Independence Day

     

Infantry Getting Makeover

July 20, 2020 By Lt. General P.C. Katoch (Retd) Photo(s): By Rafael, IWI, Rosobornexport, Sig Sauer, defense.gov
The Author is Former Director General of Information Systems and A Special Forces Veteran, Indian Army

 

SOME OF THE ARMS AND EQUIPMENT BEING PURCHASED FOR THE INFANTRY IN VIEW OF THE SITUATION AT THE LAC.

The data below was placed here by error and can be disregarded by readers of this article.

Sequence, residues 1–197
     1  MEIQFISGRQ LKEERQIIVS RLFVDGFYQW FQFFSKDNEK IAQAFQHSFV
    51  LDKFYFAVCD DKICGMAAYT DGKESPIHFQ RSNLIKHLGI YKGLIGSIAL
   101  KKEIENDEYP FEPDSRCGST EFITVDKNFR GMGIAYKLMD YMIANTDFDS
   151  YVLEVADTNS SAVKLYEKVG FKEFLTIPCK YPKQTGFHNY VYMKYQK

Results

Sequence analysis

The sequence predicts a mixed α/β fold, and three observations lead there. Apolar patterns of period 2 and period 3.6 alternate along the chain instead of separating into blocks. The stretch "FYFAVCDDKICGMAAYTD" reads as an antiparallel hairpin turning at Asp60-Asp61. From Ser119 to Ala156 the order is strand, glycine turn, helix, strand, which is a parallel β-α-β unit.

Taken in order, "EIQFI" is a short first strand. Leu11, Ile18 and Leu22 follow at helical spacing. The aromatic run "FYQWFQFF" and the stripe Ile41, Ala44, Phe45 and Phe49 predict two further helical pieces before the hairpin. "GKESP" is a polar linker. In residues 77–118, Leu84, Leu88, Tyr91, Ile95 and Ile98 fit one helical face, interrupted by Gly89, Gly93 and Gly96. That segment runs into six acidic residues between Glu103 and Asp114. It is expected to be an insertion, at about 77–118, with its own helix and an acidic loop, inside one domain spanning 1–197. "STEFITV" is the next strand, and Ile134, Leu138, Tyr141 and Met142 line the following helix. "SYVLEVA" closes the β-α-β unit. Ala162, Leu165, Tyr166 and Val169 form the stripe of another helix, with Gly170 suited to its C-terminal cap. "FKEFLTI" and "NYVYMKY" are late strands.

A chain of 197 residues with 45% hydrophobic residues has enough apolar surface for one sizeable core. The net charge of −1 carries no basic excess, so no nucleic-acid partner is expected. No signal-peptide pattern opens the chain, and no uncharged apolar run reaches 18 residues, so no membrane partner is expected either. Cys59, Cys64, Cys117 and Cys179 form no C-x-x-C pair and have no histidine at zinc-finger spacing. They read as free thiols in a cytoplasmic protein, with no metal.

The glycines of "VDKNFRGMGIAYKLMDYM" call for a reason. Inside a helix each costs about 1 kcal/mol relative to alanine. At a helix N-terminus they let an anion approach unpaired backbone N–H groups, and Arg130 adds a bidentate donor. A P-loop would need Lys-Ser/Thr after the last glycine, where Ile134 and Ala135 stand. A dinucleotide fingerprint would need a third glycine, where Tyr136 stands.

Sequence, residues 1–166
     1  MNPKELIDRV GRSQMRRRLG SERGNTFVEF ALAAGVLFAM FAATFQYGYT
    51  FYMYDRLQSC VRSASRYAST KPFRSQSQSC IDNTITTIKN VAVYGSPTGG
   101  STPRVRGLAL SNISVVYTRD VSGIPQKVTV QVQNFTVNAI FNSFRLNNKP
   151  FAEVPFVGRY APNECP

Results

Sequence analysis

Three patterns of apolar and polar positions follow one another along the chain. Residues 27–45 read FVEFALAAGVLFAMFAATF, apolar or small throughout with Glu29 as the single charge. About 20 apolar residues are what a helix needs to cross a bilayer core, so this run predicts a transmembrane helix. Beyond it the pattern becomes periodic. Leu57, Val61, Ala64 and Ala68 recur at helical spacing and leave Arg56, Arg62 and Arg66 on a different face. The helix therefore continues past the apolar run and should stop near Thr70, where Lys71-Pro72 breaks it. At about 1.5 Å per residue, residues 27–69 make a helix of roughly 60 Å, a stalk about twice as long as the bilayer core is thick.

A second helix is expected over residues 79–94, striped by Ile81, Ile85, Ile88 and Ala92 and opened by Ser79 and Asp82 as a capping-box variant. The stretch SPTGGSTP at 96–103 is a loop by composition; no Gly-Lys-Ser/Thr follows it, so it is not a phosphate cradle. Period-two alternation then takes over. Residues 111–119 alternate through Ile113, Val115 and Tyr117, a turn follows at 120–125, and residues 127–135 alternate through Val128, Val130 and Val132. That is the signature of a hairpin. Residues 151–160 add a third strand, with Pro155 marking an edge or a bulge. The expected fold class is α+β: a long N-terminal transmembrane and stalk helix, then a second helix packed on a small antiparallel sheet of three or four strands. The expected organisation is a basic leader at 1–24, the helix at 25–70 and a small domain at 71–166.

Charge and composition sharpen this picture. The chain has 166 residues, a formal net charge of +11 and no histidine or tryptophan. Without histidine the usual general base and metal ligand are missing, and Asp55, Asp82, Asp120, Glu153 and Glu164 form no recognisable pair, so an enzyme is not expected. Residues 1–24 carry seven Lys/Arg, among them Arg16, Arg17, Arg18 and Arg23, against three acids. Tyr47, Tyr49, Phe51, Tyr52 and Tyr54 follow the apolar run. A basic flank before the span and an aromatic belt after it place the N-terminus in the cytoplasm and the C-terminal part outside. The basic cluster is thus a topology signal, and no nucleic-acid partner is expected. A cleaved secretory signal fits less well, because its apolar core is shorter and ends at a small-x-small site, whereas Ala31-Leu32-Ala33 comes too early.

No matter how hi-tech the modern battlefield gets. No matter how powerful the aircrafts, drones and the robots become, mission of the Infantry will continue to close-in and destroy the enemy by close quarter violent combat in any war operation and then physically hold the ground. One fall-out of the Chinese aggression in Eastern Ladakh is that the Infantry is set to get a makeover even though not holistically. The primacy of the Infantry in battle especially in the mountains is indisputable as was proved in the Kargil Conflict also. Yet the policy makers give priority to big-ticket purchases for reasons not very difficult to understand. One reason for this also is that capital expenditure continues to be controlled by the Defence Secretary and the Chief of Defence Staff (CDS) has no say in it. But at least some thought is being given to equip the Infantry that may have to battle the PLA should China impose conflict on us despite the motions of disengagement from the standoff.